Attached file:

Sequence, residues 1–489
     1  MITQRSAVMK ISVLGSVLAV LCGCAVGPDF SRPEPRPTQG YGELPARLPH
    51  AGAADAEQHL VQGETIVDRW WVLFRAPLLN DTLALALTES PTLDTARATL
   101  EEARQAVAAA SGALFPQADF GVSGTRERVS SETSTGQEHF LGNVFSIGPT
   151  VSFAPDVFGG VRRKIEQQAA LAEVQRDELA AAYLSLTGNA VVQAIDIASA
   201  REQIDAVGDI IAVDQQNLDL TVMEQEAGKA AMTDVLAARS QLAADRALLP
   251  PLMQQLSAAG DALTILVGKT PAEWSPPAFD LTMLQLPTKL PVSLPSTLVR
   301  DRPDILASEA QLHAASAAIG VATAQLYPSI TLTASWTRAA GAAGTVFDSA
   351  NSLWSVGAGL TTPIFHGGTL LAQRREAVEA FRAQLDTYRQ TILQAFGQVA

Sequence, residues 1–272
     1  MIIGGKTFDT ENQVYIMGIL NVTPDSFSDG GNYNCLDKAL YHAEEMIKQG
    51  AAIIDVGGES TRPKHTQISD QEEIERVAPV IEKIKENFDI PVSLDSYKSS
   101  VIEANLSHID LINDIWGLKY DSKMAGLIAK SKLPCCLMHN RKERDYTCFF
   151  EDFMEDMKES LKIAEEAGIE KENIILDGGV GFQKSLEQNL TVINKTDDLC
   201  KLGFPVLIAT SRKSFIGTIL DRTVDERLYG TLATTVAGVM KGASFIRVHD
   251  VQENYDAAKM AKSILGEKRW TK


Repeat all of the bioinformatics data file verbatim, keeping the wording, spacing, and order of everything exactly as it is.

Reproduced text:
Sequence, residues 1–489
     1  MITQRSAVMK ISVLGSVLAV LCGCAVGPDF SRPEPRPTQG YGELPARLPH
    51  AGAADAEQHL VQGETIVDRW WVLFRAPLLN DTLALALTES PTLDTARATL
   101  EEARQAVAAA SGALFPQADF GVSGTRERVS SETSTGQEHF LGNVFSIGPT
   151  VSFAPDVFGG VRRKIEQQAA LAEVQRDELA AAYLSLTGNA VVQAIDIASA
   201  REQIDAVGDI IAVDQQNLDL TVMEQEAGKA AMTDVLAARS QLAADRALLP
   251  PLMQQLSAAG DALTILVGKT PAEWSPPAFD LTMLQLPTKL PVSLPSTLVR
   301  DRPDILASEA QLHAASAAIG VATAQLYPSI TLTASWTRAA GAAGTVFDSA
   351  NSLWSVGAGL TTPIFHGGTL LAQRREAVEA FRAQLDTYRQ TILQAFGQVA

Sequence, residues 1–272
     1  MIIGGKTFDT ENQVYIMGIL NVTPDSFSDG GNYNCLDKAL YHAEEMIKQG
    51  AAIIDVGGES TRPKHTQISD QEEIERVAPV IEKIKENFDI PVSLDSYKSS
   101  VIEANLSHID LINDIWGLKY DSKMAGLIAK SKLPCCLMHN RKERDYTCFF
   151  EDFMEDMKES LKIAEEAGIE KENIILDGGV GFQKSLEQNL TVINKTDDLC
   201  KLGFPVLIAT SRKSFIGTIL DRTVDERLYG TLATTVAGVM KGASFIRVHD
   251  VQENYDAAKM AKSILGEKRW TK